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Playing the hand I've been dealt.

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These last few days haven't exactly been the best of days. I can name at least a hundred things I would have rather done than yesterday morning's adventure, and that's without trying too hard, and possibly without duplicates.

Cancer is an overloaded word. Given its place in our collective psyche, it's an ugly word, too. To our youth and health obsessed culture at large, the word means illness, badness, age and death to some degree. It also comes with some sort of judgement: lung cancer - you must have smoked; colon cancer - you must have eaten the wrong foods; prostate cancer - you must not have masterbated enough; skin cancer - you must have been outside without sunscreen on. There's an inherent implication that the cancer is the fault of its owner: if only they had done X, they wouldn't have cancer.

What a bunch of bullshit.

Step back and unload the word. Cancer is a group of cells which decided not to die. Nearly all cells in the body are specialized to do a small number of tasks, live for a while doing those tasks, then die. Sometimes, changes happen in those cells which enable the cells to continue living. During that extended lifetime, these not-dying-yet cells steal resources from the body to continue to live and multiply , often growing into a large mass or otherwise changing just enough to disrupt the rest of the cells around it.

That's it.

Take away all the fear, all the guilt, all the judgements, all the tragedy associated with the word cancer, and you have a bunch of rogue cells that aren't dying. Catch them early, and you have a good chance of getting rid of those rogue cells and continuing on with living.

It's that "continue on with living" part that intrigues me.

What part of having cancer means "stop living?" With all the fear associated with the word cancer, with that god damned overloaded term, everything stops until it's dealt with. Lives are put in order because you don't know what's going to happen next, and deal with the rogue cells. Find them, eliminate them without doing too much harm, and THEN start living again.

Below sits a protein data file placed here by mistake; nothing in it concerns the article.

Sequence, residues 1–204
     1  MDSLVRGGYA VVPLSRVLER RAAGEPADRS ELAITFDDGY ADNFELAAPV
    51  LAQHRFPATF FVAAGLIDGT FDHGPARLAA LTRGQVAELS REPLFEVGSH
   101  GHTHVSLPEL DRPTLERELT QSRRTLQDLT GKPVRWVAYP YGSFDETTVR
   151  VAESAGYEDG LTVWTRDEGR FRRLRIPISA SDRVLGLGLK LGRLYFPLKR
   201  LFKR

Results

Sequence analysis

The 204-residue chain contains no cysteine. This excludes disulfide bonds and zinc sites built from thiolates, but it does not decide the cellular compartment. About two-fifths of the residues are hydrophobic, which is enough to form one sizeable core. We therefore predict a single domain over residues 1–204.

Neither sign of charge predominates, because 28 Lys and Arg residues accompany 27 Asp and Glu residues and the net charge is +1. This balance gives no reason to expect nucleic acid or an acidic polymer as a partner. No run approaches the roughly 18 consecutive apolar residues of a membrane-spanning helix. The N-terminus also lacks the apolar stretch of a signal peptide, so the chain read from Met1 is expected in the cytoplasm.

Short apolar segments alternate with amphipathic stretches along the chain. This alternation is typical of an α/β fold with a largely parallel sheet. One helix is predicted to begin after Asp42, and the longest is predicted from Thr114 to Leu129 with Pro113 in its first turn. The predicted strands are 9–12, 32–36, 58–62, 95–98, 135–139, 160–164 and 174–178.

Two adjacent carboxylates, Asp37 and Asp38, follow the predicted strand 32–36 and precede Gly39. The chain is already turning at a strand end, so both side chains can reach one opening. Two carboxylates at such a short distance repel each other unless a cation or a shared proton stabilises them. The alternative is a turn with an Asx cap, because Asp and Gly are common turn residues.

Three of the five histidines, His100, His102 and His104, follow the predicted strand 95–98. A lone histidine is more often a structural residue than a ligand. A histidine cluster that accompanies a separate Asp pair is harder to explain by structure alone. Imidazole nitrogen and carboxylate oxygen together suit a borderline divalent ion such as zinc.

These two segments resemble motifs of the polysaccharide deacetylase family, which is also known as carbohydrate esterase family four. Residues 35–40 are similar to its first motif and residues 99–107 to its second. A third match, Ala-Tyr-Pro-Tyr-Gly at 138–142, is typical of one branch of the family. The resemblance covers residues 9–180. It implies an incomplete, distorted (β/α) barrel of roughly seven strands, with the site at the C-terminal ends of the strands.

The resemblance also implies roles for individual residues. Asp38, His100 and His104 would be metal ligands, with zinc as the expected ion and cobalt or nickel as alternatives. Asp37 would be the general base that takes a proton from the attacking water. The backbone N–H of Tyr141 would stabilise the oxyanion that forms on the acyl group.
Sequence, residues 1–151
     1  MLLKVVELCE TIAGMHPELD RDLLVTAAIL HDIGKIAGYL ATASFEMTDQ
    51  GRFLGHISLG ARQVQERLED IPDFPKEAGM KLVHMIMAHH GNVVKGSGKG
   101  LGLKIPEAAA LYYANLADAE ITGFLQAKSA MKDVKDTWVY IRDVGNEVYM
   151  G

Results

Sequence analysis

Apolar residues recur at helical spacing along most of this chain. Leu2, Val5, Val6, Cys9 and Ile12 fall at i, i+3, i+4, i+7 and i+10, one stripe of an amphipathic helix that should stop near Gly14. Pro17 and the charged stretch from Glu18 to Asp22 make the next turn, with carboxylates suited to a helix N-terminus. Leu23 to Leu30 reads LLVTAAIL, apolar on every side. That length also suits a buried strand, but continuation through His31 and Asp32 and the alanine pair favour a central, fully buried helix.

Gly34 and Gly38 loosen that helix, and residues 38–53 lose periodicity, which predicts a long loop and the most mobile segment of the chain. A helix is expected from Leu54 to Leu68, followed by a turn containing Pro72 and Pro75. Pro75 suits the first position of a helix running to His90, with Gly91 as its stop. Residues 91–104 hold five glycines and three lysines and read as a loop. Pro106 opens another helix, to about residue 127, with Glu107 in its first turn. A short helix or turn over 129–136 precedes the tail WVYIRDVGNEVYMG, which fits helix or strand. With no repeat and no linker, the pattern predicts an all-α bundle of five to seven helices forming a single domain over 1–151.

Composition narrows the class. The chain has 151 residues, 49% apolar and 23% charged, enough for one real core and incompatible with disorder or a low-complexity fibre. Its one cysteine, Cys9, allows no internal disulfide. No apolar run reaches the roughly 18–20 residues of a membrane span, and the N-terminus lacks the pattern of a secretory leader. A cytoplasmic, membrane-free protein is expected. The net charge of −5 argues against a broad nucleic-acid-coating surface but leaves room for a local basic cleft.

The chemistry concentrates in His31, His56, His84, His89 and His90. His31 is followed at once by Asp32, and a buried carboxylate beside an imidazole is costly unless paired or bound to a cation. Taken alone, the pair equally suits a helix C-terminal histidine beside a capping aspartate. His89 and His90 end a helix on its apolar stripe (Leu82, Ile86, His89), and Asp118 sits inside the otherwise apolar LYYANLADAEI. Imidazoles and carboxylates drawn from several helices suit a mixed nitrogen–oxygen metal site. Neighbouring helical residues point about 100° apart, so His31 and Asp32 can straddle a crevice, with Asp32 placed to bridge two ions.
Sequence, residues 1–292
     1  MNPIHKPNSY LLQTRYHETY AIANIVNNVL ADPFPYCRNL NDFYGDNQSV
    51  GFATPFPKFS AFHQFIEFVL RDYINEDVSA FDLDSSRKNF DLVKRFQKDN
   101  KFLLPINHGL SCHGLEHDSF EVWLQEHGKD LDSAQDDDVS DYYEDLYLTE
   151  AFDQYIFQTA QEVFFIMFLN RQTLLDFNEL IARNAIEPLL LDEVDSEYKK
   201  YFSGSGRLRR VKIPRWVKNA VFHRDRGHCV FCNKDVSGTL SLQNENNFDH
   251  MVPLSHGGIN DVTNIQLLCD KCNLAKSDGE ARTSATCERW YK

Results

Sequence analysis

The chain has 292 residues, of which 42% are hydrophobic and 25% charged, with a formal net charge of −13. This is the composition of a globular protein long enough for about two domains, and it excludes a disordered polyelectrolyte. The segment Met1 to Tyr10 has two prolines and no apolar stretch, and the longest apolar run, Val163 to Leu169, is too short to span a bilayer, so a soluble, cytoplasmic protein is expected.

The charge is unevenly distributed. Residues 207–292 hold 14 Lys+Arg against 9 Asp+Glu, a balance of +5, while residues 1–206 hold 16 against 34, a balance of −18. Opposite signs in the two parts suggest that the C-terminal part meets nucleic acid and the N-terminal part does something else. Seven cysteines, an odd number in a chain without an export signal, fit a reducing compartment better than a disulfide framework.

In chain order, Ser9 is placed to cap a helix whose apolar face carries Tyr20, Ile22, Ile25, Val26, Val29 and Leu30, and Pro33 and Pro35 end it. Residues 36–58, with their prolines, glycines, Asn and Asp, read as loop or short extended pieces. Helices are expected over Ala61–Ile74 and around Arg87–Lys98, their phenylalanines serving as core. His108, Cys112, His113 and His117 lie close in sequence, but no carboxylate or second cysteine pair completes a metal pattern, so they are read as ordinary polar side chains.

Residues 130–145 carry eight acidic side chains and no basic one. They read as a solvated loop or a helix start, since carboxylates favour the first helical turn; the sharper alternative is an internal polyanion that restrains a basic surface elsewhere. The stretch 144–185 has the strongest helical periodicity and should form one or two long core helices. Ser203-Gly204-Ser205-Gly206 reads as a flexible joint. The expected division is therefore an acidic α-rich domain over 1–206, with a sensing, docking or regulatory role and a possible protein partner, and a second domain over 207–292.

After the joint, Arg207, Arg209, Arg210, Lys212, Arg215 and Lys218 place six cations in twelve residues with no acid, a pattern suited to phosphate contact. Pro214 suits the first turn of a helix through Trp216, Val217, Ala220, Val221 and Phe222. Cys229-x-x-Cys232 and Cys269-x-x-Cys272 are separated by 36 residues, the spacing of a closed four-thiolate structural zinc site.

As if always wondering if it'll come back, if being ever vigilant, if being fearful for the rest of your days is living.

All of live is uncertain. Having a bunch of rogue cells doing their own thing doesn't mean a death sentence for the body, but it can be devastating for the mind. Always wondering... always checking... always obssessing... always dominating conversations because that's all you think about.

What a crappy way to live.

I choose not to live that way.

So, I'm going to play the cards dealt to me. I can't say I'm now imprevious to random outbursts of tears. I also can't say that I don't just want to have someone else take care of me instead of "soldiering on."

What I can say is that there are smiles to make, joys to experience, plants to plants, dogs to walk, sites to build, bills to pay, work to be done and a boy to snuggle. I can stop briefly, perhaps to cry, but after that, I'll play the next card.

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